As a newcomer to Alcoholics Anonymous, I was actively encouraged into service by my sponsor and the old-timers of the group. And it was explained that if I want what my sponsor and the old-timers have I must do as they do. Having good examples of getting into good habits early, from my third meeting of what has become my home group I became a Sunday night cleaner. At first I was not impressed with being a cleaner as all I could do at the time was think of myself. However it did not take long until I realised the importance of service at any level, through seeing how other members of the group treated their service positions. I continued to enjoy my service position and took it seriously. I progressed through the service structure at my home group; making the tea, then becoming responsible for the scrolls.
Towards the end of my position of doing the scrolls at 14 months sober I had the opportunity to move away to study. This was an exciting opportunity that would not have been possible if I were still drinking. I had wondered how I could remain active in service whilst I was away from my home group. Having discussed this with my sponsor she suggested that I do as much as I could, thinking of others and trying to be of use. My first night away I went to a meeting and I quickly found that the good habits I had got into at my home group I could maintain whilst away. Such as getting to the meeting early to help set it up and staying after the meeting to clear away, and working with newcomers.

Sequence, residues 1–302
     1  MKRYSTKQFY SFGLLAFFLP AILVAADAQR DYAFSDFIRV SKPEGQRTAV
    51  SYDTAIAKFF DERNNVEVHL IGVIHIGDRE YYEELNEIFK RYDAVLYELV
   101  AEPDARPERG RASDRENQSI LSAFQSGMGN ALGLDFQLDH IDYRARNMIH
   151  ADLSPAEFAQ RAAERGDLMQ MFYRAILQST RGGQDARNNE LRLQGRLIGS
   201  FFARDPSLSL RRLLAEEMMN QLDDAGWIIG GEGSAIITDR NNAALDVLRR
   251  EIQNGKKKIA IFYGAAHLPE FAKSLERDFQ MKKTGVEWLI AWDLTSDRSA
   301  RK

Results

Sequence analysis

I spoke to the group's GSR to see if I could be of service. A tea position became vacant and I started making the tea at one of the meetings. I also spoke to the Public Information officer and asked if there was anything I could do. This led me to doing school and other talks in the area. A lady I met was part of the E12 team, responding to the emails for the AA website. I enquired how to get involved and I then had a Sunday evening slot answering emails, after checking this out with my sponsor. This was a fantastic service position as it meant I could do service whether I was at home or away.
Maintaining active in service in Alcoholics Anonymous is vital to my own recovery. It gives me the opportunity to give back a little of what AA has given me, to work with and to think of others. I have continued to do service in AA from that third meeting, I have found it rewarding and a privilege to do service. There are always opportunities to do service in AA even when you're miles away from your home group.
Road to Recovery